“The art of writing is the art of discovering what you believe.” Gustave Flaubert.
Writing is fraught with hesitation for the devoutly accurate. If I write what I believe, then I am writing my opinions which implies that I believe that I am an expert – and whilst in some respects I am, I also lack the desire to stand up and shout about such a statement. If I report upon what other people write, then I am merely collating. So when I write, I endeavour to be truthful and explore the extent of my knowledge and of the information available to me. This has limitations, in that despite undergoing constant training and study, my own knowledge can only reflect what I have learnt to date.
In discussing journalism and writing today with young friends, we discussed the vulnerability of truth and education as a writing tool. If a writer chooses to pen a piece giving their opinion upon a person, product or place, they are entitled to do so, leaving the reader to decide upon the veracity of the piece. Herein lies the problem, as many people don’t realise that if it is written for public consumption, that it is not necessarily true. So how to write and retain some personal credibility? Apparently the path to erudite enlightenment is to blog.
On listening to Ezra Klein on a recent Tim Ferriss podcast, he discussed the starting of his blog career. It was when he realised that by writing his opinion, and putting it out there for others to enjoy, this is a measure of success in the world of blogs. Today, he writes for a vast audience, attuned to his political musings, but he started out writing, it was for a mere 35 followers who gave him the confidence to keep his thoughts in the public arena.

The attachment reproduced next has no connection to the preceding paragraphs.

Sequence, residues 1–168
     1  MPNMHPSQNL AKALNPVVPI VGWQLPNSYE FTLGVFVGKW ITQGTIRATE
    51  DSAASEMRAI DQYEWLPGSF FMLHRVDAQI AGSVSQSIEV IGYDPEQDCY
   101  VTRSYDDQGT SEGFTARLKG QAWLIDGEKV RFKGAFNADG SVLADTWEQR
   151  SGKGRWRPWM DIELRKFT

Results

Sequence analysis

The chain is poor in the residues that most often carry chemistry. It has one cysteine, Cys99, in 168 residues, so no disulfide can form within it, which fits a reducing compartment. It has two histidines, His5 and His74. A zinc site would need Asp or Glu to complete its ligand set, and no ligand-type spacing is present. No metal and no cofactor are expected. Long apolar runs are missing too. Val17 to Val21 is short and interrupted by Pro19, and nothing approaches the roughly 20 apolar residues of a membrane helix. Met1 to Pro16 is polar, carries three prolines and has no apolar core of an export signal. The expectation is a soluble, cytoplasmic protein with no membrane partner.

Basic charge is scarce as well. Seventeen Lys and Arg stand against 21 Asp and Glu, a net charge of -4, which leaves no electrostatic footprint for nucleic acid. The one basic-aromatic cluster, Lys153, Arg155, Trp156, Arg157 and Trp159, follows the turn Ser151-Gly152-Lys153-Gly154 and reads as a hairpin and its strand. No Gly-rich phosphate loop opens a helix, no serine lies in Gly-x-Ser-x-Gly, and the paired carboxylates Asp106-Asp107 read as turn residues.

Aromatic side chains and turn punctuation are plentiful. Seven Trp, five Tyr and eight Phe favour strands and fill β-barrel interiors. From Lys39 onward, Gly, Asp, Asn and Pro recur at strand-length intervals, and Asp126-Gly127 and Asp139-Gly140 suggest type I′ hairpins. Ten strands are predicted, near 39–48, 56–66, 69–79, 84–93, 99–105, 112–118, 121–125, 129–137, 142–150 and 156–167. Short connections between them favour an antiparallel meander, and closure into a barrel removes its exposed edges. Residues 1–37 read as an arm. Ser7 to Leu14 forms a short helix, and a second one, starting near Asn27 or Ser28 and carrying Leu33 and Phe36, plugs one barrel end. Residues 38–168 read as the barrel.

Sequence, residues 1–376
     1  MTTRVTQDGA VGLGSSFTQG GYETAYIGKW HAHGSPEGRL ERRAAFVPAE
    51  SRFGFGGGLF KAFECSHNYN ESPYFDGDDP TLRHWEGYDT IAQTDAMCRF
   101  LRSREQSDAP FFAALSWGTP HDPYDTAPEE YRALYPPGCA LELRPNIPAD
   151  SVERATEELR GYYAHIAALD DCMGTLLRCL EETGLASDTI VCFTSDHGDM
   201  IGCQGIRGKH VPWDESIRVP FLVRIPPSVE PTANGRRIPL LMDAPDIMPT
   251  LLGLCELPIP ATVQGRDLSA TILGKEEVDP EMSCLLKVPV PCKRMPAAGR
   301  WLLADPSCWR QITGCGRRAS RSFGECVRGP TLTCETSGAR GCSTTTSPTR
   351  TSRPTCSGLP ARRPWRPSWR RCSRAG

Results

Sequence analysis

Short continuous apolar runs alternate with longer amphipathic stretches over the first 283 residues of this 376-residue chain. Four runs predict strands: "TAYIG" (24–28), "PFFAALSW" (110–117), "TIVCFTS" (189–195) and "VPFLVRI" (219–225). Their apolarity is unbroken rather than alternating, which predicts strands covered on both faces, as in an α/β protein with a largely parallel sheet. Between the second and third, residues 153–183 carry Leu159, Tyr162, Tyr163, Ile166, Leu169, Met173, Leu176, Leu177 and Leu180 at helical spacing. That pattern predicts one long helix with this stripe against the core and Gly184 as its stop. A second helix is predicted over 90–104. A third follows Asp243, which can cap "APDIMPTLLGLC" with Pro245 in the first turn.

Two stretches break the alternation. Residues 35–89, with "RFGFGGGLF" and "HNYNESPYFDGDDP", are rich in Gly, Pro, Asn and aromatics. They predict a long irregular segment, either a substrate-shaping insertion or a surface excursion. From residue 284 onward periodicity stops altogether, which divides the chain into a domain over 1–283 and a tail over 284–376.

I worked for seven years for a news bureau – admittedly not on the news desk, I was in sales and training, but you pick up some good habits by osmosis. In writing, the intention is to educate, inform, and maintain a standard of quality control. So it is in writing my comments on my Facebook page, or here in my blogs, that I realise that I still attempt to keep up the standards to this level. So when I write about a diet, or exercise, or nutritional product, I will always be at pains to present the information in a way which shows if it is my opinion, or a proven fact, so that the reader will be in a position to create their own decision from their reading.
Often when I am writing an introduction to a story about research, I will reiterate the salient points, to clarify if, for example, the research had a high success rate, or was performed upon a large group of people. Working as a naturopath, it is often assumed that we rely upon traditional knowledge or anecdotal evidence, but in my experience, more naturopaths turn more to science than tradition, to validate their modus operandi. Similarly, if I see a piece of research used inappropriately (say it isn’t so – surely no journalist would ever write an inaccurate sensationalist headline in order to achieve greater readership…), I will often attempt to moderate the understanding of the actual research, by educating those who read my pages.
So for those who choose to read my pages, or follow my suggestions for research and information, take it as read that I write from the heart, with all the truth and learning which is within my possession, but that I am aware that it is not possible for one person to know all things, so at times, I may base discussion upon what I know, not what is known. Forgive me my human frailty and allow me the grace to learn and educate myself also.
“Nothing is critic-proof.” Joan Didion.
5 January 2017.